Above: Beautiful lines and style signify the Little
Toni pylon racer. Right: The Eon Lite packs a
punch while saving weight. Below left: The squat
landing gear and wheel pants are extremely
durable. Below right: Hitec electronics matched
perfectly with the flight demands of the Little Toni.
Although negotiating the course around
the pylons might seem like a simple case
of flying in a straight line, there are some
strategies to consider.
FLY A STRAIGHT LINE FROM
TURN TO TURN. If you veer to the left
or right between pylons, you must correct
to be in position for the next turn; every
correction costs you, because lateral
movement bleeds energy off straight-and-level speed. Also, when traveling at high
speeds, an airplane that veers slightly can
be way off course in a very short time.
DIVE AGAINST THE WIND. If you
fly a little high in the straightaway, you can
use gravity to your advantage by increasing ground speed in the dive.
CLIMB WITH THE WIND. Wind
resistance is decreased in the downwind
leg, so climbing expends very little energy.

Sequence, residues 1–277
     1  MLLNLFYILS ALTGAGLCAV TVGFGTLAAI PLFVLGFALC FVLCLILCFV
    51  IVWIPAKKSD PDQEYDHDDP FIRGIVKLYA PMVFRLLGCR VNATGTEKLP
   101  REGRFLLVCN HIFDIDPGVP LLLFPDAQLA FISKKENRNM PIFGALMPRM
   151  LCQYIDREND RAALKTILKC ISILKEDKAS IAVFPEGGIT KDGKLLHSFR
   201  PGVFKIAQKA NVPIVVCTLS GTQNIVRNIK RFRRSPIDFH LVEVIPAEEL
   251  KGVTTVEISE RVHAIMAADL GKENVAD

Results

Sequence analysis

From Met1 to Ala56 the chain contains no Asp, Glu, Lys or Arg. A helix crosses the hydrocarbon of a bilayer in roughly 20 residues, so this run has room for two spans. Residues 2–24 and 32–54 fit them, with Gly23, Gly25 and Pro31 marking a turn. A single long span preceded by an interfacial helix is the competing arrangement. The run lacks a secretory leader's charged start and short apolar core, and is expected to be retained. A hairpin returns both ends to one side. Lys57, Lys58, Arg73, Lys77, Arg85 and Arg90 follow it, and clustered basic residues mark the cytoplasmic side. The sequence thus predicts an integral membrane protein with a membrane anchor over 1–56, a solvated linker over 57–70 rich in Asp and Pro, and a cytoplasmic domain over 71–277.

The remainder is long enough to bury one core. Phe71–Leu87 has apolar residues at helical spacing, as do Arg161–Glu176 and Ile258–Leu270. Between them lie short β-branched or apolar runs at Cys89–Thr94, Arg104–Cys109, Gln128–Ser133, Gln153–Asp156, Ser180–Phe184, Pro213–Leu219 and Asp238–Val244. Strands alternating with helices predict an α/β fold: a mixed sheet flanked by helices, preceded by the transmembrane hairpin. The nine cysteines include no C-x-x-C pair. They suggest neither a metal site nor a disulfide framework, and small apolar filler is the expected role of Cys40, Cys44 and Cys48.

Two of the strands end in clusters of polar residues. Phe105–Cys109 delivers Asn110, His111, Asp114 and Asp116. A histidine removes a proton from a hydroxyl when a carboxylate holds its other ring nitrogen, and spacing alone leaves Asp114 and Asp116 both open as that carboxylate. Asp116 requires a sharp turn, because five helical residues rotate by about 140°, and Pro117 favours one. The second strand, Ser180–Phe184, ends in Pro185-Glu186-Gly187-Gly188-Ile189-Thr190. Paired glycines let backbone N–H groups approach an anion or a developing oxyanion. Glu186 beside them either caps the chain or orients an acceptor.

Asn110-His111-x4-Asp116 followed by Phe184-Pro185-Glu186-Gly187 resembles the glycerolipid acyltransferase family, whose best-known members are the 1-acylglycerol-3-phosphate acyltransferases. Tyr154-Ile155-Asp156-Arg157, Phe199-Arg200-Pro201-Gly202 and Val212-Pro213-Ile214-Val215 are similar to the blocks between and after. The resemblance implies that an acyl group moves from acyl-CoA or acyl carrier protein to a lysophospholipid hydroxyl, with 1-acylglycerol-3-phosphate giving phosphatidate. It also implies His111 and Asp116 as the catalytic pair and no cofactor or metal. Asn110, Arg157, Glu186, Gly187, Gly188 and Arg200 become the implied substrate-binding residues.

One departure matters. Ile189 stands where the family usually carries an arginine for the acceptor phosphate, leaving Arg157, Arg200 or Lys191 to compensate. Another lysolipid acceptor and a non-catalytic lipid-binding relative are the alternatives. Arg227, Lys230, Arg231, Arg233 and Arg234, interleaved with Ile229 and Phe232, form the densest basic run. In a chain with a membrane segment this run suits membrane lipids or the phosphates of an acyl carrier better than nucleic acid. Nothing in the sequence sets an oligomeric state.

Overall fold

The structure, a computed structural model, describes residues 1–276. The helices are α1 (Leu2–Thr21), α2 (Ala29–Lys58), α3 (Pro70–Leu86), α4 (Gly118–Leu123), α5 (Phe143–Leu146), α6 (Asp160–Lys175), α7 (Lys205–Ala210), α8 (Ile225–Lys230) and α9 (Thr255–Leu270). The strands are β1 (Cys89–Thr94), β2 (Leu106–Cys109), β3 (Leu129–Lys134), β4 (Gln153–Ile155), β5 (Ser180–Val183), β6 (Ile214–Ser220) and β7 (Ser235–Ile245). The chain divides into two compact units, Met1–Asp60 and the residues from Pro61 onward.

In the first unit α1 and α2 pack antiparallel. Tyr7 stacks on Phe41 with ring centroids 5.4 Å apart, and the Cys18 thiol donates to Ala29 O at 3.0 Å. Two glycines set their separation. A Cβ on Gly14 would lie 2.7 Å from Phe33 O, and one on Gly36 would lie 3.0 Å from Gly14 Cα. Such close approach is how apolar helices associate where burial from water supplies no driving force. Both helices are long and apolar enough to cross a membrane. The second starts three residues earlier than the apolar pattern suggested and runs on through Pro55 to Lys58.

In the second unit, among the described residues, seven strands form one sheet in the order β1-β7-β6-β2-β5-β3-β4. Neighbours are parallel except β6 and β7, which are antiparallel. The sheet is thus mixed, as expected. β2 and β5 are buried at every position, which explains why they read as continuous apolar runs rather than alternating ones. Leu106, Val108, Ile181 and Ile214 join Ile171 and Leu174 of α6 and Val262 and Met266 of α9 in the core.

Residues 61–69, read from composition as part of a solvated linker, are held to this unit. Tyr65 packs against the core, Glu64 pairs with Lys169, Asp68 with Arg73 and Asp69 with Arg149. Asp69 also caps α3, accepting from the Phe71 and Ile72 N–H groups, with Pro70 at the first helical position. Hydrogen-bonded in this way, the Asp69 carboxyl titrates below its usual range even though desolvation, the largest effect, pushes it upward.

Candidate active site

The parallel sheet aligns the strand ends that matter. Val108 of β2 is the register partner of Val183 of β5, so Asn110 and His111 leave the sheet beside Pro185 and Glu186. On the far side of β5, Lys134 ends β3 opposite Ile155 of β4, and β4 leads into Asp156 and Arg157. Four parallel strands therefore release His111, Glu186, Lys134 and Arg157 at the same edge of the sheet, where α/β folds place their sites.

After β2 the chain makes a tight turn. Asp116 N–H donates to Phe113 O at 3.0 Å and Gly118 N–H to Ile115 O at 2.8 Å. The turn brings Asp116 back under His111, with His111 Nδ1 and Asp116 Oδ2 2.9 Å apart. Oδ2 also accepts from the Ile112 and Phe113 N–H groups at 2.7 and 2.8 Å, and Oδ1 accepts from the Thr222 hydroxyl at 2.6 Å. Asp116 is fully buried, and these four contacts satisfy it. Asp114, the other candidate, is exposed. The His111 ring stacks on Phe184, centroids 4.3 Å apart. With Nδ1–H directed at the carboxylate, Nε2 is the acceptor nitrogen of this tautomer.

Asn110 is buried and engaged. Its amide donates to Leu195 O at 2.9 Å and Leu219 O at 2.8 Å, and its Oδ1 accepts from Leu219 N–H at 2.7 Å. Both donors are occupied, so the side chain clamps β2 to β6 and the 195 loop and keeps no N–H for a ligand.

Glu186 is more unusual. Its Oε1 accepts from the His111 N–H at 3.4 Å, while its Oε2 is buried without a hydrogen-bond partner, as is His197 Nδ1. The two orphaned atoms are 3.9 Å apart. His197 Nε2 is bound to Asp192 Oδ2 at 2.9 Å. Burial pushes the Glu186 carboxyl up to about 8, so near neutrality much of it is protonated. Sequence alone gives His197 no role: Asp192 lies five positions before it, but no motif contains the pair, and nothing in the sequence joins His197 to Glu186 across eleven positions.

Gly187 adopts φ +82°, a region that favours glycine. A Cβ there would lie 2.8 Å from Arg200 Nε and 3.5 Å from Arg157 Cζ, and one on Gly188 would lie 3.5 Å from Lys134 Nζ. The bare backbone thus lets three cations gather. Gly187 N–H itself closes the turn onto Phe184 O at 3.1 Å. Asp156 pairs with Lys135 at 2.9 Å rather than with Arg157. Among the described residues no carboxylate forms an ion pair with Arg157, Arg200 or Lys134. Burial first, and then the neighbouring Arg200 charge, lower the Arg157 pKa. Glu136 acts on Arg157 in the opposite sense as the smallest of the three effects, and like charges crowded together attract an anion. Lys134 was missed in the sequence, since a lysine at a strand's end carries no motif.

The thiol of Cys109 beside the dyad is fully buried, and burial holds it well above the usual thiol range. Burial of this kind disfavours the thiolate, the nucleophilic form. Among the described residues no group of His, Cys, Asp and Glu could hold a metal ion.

If you climb a little while flying with the
wind, your airplane will be in the proper
attitude (and altitude) to take advantage
of gravity going into the next straightaway.
that installation. I ended up turning one
servo arm out and the other in and had to
trim and bend the control linkages.
The KM0283010 motor provided by The
Wings Maker handled the 10x5 folding
prop perfectly. Folding props on pylon racers do have a purpose, although finding
them at your local hobby shop may be difficult. For the most part, they allow for the
low profile of the airplane to land on hard
surfaces without breaking props. I will also
attest to the durability of these props as I
cartwheeled the Little Toni once without
any damage. In fact, it was sort of one of
those “you’ve got to be kidding” moments
when you figure something must have broken. I’ll add that the landing gear is very
rigid as are the wheel pants.
The World Models always does a great job
of both photographing and diagramming
their instruction manuals. Little, if any,
concerns were raised in the build. The fuselage, wing and tail were all straight and
To complete the build, I enlisted the
help of Clint Akins at FlightPower as I was
very concerned about the weight. My goal
was to keep the Little Toni, “Little” and do
so by reducing weight wherever I could—
from the servos to the receiver to the
biggest item—the battery. With Clint’s
help, we came up with the Flight Power Eon
Lite 2100 designed for use in F3A competitions. With a 2C charge rate, 18C
continuous discharge, 25C Burst and 20
grams lighter than other batteries, I knew I
was making progress at shaving weight and
throttle to the wall performance. In the
end, I weighed in at just under the suggested 810 grams.